Having worked in the service industry for years, I have often been asked whether resurfacing or replacing brake rotors is really necessary. My answer is always that your brake pads and the surface of your brake rotors are life-mates; change one and you need to change the other. Fortunately, having your brake rotors resurfaced can be done relatively cheap. Some retailers may offer a reduced price on resurfacing the brake rotors if you purchase the brake pads from them. If the rotors are too thin to be machined or if their price is comparable to the price of new ones (which does happen) they should be replaced. Removing the rotors should be easy (in most cases they will just slide right off). Otherwise, check to see if there are any push-nut retainers on the wheel studs holding them in place. If not, tap lightly with a hammer on the center hub of the rotor to free up any corrosion. Some newer vehicles (mainly imports) have two small metric threaded holes in the brake rotor in which the correct sized bolts can be threaded in and used to press the rotor off the hub. Other rotors may need a special tool known as a slide hammer. The last common design is used mainly on older ford vehicles in which the rotor houses the wheel bearings. These will need to be removed before the rotor can come free. Be sure to clean the bearings and repack them with fresh wheel bearing grease before reinstalling.

Installing New Brake Pads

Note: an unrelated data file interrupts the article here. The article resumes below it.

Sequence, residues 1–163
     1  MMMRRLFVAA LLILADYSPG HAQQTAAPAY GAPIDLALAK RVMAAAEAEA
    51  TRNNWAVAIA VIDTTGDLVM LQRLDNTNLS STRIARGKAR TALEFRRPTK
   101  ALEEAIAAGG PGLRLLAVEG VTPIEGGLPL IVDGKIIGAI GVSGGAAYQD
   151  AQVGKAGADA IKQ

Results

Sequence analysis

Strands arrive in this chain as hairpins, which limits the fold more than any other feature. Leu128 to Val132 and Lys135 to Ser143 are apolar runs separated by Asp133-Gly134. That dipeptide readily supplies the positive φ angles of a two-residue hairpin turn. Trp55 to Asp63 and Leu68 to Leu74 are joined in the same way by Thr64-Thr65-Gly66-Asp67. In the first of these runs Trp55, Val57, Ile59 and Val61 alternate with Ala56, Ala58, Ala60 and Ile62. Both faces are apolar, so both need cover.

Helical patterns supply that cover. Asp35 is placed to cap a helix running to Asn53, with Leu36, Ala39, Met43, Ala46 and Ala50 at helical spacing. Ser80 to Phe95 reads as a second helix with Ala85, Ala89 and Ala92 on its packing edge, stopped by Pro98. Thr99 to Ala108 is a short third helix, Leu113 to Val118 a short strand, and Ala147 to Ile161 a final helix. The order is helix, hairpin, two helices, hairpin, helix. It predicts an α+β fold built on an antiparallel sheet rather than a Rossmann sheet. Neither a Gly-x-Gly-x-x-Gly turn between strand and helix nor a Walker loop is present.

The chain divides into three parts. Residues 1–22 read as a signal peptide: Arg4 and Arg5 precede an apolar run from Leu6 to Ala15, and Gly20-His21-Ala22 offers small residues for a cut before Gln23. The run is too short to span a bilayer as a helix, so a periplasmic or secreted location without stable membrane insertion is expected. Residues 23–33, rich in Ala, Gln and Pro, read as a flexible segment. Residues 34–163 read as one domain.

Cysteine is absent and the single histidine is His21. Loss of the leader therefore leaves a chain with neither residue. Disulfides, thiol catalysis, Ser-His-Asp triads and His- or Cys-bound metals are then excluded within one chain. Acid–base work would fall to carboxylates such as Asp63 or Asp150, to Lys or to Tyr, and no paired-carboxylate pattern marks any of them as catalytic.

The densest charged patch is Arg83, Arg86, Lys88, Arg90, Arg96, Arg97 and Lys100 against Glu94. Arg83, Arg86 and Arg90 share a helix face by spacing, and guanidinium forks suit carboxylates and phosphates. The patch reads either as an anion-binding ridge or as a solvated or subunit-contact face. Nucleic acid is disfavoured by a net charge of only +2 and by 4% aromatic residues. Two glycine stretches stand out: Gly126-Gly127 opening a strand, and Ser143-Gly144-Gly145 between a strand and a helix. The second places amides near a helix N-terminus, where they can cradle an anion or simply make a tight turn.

Compare the new brake pads to the old ones. They should be similar in size, shape, and have the same style of shim (if so equipped) attached to the back. In some cases, shims may need to be purchased separately and clipped in place. Snap the brake pads into place in the brake calipers. They should fit nicely into the caliper and clip into place. Permatex Lubricants offers a product called "Disc Brake Quiet" which can be spread on the back of the brake pads before they are installed in the caliper. This product can help reduce any chatter from the brakes and should be available at all major auto parts retailers.

Reinstalling The Brake Calipers

Inspect the old brake pads again for uniform thickness and appearance. If they have worn unevenly there is a good chance that the slider pins are seizing up in the caliper and preventing it from sliding back and forth properly. If necessary, replace or clean and lubricate the slider pins with disc brake caliper lubricant. Although not always necessary it may help extend the life of your new brake pads and rotors. Reposition the the brake caliper on the hub and tighten the slider pins.

Bleeding Brakes

After changing the brake pads, be sure to test out the brake pedal before driving the vehicle. Pump the pedal a few times to force the brake pads to squeeze the brake rotors. If the pedal is soft or fades you should consider bleeding the brake system before using the vehicle. Please view our How To Bleed A Brake System guide for more information.